The plateau is all scattered with characteristic villages or small nuclei formed by red mud huts, with thatched roofs, which rise next to the rice fields: the landscape recalls that of monsoon Asia in many respects. The western mountainous side is the least populated part of the island, as well as the southern section, arid, where semi-nomadic people live; breeding is widespread in these areas. On the other hand, the coastal strips are populated (except the western one), because plantation agriculture. The population density is 37 residents/km²; the rural population represents the great majority of the total, and the urban population is just over a quarter. The capital, Antananarivo, is the pivot of the island, at the same time socio-economic summit and geographical center, which gives it a certain exceptionality for a country that has known colonial economic organization, which has always favored coastal centers.; this is explained by the climatically mitigated position of Antananarivo, with the fact that it is located in the most populous area of ​​the country and that it was also the headquarters of the main at the same time socio-economic summit and geographical center, which gives it a certain exceptionality for a country that has known colonial economic organization, which has always favored coastal centers; this is explained by the climatically mitigated position of Antananarivo, with the fact that it is located in the most populous area of ​​the country and that it was also the headquarters of the main at the same time socio-economic summit and geographical center, which gives it a certain exceptionality for a country that has known colonial economic organization, which has always favored coastal centers; this is explained by the climatically mitigated position of Antananarivo, with the fact that it is located in the most populous area of ​​the country and that it was also the headquarters of the main rova dei merina. In colonial times, Antananarivo was connected to the sea by a railway: hence the complementary development of Toamasina, Madagascar’s main seaport on the Atlantic Ocean, on which most of the trade in agricultural products for export gravitates. The connections with other port cities have remained less efficient (Mahajanga, at the mouth of the Betsiboka, Antsirañana, valued as a military port by the French, etc.), which mostly serve the coastal areas where commercial agriculture has developed. On the plateau, the main centers, after the capital, are Antsirabe and Fianarantsoa, the second largest city in the country, which rises on the border of the great prairies, in the center of an agricultural area.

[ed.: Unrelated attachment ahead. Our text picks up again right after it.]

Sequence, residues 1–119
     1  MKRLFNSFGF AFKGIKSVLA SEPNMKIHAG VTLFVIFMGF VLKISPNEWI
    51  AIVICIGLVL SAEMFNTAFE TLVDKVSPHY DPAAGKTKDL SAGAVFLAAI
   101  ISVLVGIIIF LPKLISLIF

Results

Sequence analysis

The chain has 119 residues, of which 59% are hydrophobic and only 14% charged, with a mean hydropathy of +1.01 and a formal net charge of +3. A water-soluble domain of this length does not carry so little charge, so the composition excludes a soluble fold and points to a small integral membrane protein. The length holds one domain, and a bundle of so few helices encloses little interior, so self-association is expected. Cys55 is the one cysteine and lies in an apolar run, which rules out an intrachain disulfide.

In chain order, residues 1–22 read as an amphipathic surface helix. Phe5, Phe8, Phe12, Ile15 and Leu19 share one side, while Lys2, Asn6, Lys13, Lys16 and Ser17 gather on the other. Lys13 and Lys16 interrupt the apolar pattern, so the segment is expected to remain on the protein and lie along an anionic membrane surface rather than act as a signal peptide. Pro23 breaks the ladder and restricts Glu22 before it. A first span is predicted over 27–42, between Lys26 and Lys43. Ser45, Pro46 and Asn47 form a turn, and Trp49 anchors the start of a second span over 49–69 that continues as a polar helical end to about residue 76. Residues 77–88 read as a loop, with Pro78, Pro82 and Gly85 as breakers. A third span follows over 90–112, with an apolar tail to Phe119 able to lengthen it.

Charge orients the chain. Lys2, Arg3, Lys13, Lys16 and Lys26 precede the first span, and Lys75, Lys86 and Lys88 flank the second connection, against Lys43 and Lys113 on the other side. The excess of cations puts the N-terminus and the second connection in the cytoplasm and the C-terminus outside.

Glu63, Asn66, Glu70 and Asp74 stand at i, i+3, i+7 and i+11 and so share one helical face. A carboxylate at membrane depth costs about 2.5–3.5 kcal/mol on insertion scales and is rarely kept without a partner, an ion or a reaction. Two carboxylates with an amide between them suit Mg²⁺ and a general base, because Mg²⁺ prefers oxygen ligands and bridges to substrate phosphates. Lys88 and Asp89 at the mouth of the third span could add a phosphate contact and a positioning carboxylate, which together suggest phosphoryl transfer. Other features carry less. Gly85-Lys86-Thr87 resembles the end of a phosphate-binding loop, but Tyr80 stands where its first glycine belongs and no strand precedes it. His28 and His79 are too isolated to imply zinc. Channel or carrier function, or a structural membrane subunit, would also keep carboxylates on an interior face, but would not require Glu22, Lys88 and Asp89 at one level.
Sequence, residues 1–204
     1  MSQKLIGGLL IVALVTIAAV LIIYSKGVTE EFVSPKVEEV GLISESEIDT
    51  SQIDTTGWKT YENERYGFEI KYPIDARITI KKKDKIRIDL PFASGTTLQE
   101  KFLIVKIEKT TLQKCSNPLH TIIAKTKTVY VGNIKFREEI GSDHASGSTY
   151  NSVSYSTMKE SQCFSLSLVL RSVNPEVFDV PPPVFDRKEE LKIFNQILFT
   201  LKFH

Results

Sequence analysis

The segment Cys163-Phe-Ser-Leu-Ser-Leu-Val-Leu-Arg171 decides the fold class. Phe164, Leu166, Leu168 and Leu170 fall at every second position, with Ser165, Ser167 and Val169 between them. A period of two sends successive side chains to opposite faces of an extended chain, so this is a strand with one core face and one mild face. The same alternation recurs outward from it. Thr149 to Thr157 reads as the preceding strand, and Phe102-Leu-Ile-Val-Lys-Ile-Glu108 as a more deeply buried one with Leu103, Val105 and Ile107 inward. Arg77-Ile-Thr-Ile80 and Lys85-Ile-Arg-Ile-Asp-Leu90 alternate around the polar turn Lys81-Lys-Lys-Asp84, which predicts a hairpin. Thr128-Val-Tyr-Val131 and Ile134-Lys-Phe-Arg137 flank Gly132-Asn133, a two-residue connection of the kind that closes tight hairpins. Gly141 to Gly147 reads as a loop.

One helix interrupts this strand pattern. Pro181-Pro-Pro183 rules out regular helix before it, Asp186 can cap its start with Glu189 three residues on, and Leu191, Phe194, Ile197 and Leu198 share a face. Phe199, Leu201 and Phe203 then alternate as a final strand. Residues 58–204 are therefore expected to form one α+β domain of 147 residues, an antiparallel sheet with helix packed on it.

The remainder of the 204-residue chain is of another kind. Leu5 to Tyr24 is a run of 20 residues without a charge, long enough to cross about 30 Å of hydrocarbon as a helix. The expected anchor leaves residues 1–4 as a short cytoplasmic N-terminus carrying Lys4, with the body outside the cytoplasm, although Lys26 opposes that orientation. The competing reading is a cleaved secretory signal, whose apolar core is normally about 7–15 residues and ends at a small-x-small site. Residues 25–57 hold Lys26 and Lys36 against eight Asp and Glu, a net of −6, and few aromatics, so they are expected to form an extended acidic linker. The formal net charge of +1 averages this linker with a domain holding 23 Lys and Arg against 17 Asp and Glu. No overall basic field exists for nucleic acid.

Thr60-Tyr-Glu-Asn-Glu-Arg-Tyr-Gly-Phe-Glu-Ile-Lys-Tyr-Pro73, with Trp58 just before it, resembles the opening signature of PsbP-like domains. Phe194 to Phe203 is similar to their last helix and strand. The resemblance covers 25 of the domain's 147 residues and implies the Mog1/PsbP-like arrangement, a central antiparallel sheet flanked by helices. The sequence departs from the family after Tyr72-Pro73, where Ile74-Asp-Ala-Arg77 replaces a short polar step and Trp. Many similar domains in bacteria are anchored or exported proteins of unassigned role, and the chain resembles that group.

Madagascar Country and People